The manager of Norway’s sovereign wealth fund has urged the UK’s financial watchdog to carry on efforts to make market participants share more data, despite mandatory best execution reports having proved next to useless.

Norges Bank Investment Management (NBIM), which manages the Government Pension Fund Global, made the remarks in its response to the UK Financial Conduct Authority’s (FCA) consultation on changes to the UK Markets in Financial Instruments Directive’s (MiFID) conduct and organisational requirements.

NBIM wrote: “Regulation should require that timely and transparent market data is available to market participants, on a cost basis, and to allow for comparison of execution venues and assessment of order routing and execution outcomes.

“We recommend that the FCA continue to develop regulation to this effect,” Emil Framnes, NBIM’s global head of equity trading and transition, and Vegard Vik, special adviser at the organisation wrote in the letter.

Regarding best execution reporting, the FCA is planning to drop the obligation for execution venues to produce execution quality reports prescribed under RTS 27, as well as the duty for firms who execute orders to produce reports about their routing and execution outcomes under RTS 28.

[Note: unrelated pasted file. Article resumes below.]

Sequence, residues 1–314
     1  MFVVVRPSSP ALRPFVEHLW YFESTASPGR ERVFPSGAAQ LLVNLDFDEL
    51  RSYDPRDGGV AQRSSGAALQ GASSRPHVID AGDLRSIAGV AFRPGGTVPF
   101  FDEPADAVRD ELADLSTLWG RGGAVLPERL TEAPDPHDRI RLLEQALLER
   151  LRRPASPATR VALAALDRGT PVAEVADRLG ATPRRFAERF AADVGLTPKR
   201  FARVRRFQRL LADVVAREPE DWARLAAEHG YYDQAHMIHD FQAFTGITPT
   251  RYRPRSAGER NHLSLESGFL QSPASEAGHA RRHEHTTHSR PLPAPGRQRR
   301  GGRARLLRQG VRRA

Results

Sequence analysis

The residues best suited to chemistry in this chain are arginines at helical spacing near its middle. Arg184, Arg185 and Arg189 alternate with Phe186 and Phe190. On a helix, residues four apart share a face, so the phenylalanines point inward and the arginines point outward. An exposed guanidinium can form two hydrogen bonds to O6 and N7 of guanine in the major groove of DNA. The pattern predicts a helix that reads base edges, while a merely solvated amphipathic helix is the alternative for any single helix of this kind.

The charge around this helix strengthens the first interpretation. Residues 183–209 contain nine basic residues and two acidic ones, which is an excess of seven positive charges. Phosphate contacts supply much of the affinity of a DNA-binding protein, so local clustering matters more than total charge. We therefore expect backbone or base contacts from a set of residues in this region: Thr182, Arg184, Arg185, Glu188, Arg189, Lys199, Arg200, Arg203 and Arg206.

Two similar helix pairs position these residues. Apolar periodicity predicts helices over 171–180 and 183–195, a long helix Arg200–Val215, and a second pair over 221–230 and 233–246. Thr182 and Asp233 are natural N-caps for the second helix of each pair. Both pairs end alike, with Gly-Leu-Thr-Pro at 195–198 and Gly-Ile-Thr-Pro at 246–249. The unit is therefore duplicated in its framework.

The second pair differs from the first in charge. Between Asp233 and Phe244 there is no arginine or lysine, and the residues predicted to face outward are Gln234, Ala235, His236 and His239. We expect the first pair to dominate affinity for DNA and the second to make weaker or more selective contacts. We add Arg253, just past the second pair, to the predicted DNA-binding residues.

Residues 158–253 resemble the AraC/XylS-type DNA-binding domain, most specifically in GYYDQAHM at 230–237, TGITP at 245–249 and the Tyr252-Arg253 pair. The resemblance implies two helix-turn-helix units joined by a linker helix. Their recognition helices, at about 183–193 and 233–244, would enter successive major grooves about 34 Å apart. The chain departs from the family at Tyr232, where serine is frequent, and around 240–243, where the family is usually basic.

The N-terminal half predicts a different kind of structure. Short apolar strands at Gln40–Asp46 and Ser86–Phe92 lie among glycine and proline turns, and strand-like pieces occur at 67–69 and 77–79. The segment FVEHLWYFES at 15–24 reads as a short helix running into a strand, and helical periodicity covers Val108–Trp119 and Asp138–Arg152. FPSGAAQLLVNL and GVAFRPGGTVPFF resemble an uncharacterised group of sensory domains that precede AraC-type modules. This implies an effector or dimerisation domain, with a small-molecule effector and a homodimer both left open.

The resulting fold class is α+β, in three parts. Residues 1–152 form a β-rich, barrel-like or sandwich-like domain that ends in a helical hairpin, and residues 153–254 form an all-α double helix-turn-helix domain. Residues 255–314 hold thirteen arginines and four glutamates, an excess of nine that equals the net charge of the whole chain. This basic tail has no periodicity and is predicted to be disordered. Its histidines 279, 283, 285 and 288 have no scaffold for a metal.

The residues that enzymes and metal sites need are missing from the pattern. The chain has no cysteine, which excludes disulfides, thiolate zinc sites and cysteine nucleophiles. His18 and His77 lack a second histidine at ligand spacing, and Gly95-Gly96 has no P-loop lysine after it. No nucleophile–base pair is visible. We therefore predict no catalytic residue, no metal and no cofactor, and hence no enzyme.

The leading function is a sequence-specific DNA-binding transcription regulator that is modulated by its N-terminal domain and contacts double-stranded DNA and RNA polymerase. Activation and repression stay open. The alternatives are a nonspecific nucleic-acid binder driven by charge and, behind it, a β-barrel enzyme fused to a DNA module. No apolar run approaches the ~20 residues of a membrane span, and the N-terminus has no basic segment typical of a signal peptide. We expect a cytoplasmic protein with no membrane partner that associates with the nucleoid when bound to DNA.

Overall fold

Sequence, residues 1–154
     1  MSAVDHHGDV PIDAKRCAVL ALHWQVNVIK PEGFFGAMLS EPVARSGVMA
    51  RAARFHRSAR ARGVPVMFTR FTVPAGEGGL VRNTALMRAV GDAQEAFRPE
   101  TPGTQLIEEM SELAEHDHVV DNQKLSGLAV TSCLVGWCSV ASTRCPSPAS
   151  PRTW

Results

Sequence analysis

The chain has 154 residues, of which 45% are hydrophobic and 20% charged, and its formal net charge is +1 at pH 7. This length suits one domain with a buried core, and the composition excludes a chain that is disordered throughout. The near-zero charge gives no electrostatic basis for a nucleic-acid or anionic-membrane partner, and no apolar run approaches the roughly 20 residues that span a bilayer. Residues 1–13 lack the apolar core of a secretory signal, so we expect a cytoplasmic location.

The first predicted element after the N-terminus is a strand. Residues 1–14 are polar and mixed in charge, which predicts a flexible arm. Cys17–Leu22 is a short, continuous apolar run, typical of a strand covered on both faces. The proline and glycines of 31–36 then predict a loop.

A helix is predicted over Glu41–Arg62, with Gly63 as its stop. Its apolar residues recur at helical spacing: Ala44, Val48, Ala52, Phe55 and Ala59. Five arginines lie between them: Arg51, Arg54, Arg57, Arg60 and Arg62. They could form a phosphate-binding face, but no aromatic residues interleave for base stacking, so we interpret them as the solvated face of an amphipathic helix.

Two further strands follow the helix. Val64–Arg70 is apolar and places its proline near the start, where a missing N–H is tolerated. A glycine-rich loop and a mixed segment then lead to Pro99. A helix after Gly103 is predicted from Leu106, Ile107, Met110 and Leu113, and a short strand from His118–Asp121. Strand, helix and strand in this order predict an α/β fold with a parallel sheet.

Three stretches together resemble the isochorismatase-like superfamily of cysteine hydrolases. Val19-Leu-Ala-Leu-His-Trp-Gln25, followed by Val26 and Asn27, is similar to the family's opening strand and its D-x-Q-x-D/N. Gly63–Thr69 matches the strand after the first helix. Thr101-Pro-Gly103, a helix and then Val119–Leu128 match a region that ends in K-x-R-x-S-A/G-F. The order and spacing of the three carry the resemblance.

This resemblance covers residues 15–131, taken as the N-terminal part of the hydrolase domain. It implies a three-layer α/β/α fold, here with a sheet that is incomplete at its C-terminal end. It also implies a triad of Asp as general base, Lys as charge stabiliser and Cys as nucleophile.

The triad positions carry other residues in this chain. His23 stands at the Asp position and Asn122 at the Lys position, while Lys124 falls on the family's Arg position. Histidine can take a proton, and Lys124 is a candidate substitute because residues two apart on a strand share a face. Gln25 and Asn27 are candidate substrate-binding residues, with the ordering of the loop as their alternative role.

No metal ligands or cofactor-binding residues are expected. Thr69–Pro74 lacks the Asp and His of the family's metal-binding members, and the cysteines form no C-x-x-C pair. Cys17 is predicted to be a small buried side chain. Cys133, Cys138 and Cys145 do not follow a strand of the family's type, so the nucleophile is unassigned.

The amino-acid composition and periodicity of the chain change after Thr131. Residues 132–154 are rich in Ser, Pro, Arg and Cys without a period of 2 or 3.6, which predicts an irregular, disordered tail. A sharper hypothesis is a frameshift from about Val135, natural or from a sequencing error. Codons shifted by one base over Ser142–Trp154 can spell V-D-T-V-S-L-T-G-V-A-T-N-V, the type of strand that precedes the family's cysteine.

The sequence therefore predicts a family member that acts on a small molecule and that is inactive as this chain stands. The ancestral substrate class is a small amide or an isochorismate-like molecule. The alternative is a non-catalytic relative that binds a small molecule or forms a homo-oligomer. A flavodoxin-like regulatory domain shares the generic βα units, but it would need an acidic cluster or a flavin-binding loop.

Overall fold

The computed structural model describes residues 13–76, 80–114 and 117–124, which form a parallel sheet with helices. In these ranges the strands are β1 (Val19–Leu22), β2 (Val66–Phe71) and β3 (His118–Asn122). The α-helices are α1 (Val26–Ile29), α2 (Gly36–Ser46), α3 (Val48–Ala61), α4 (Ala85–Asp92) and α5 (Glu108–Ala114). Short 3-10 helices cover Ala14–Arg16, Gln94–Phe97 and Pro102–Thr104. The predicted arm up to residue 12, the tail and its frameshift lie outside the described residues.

The UK authority admitted in its consultation document that the intended audiences for the reports, including retail and wholesale market participants, did not in fact view the reports.

NBIM said it could confirm that the reports had not been important in its internal evaluation of trading cost, market quality and execution.

“Nonetheless, we concur with the FCA that the broad issue of access to market data is a key concern for market participants and in particular institutions such as NBIM that rely on high market quality,” Frames and Vik said.

“The FCA should not draw the conclusion that the failure of the specific reports to meet the objectives of the regulation is a reason to abandon these objectives,” the pair said.

MiFID is the body of laws regulating the buying, selling and organised trading of financial instruments.

The FCA and the treasury are mulling capital market reforms, and say they are looking into changes to the UK’s regulatory regime to ensure it is adapted to the structures of UK markets and maintains standards.

The consultation, which ended on Wednesday, was the first output of that work, the FCA said.

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